Couturier v Hastie [1856]

Couturier v Hastie [1856] UKHL J3 is a notable case in English contract law that deals with the principle of common mistake. It established that a contract may be void if the subject matter of the contract does not exist at the time the agreement is made.

Couturier entered into a contract with Hastie for the delivery of corn, with both parties believing that the corn was in transit from Salonica to the UK. However, it was later discovered that the corn had already decayed and been sold by the shipmaster before the contract was made. Couturier claimed that Hastie was liable for the corn as he had acquired an "interest in the adventure" or rights under the shipping documents.

The House of Lords held that, as the corn effectively did not exist at the time of the contract, there was no present consideration, and the buyers (Hastie) were not liable to pay the price. Lord Cranworth LC emphasised that the key to the case was the construction of the contract. He stated, "Looking to the contract alone, it appears to me clearly that what the parties contemplated was that there was an existing something to be sold and bought." The court found that, due to the common mistake regarding the existence of the subject matter (the corn), the contract was void.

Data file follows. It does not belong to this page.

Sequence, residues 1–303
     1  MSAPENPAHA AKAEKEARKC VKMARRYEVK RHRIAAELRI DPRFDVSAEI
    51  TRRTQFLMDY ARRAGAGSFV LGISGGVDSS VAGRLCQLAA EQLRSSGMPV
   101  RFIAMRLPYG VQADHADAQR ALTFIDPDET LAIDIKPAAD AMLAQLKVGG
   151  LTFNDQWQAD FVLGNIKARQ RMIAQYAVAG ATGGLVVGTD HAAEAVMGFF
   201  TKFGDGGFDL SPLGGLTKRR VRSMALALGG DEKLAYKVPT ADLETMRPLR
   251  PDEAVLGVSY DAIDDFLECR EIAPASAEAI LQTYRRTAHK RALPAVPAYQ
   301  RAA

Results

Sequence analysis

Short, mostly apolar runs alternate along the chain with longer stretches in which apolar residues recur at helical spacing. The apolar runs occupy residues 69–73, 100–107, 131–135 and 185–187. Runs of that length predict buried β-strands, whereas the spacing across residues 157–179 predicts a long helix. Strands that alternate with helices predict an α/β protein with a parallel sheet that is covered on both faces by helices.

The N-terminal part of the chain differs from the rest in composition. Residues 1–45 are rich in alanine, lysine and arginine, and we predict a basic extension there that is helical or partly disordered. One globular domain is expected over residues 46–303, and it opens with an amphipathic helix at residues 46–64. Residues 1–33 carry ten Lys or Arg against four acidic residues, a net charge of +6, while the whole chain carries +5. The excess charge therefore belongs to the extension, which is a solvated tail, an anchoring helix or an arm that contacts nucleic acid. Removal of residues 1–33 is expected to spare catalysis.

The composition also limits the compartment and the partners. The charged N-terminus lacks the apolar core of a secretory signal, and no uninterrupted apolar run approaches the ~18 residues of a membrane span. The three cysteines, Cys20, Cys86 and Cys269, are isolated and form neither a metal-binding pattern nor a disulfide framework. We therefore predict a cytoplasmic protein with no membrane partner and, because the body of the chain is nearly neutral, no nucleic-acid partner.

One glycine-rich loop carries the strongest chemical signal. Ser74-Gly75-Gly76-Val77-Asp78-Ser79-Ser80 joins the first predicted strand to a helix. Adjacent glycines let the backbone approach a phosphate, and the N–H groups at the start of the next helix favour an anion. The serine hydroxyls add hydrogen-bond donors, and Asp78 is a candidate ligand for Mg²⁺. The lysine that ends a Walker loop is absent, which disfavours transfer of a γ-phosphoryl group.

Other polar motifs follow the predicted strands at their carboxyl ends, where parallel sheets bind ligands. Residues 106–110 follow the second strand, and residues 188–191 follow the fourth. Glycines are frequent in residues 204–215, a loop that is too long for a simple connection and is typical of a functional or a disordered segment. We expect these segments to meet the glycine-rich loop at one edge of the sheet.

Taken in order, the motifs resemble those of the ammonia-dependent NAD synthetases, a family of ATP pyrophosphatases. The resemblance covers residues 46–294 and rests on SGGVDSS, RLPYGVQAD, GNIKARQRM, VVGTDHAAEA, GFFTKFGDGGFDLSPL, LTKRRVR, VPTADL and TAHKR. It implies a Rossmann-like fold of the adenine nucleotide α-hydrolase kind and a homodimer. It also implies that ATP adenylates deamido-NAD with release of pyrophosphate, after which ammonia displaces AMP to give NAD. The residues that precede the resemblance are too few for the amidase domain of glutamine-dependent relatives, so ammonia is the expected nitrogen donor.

The case highlights the importance of the parties' shared understanding of the existence of the subject matter in forming a valid contract. If the subject matter is non-existent or has perished before the contract, there is no valid consideration, and the contract is void.
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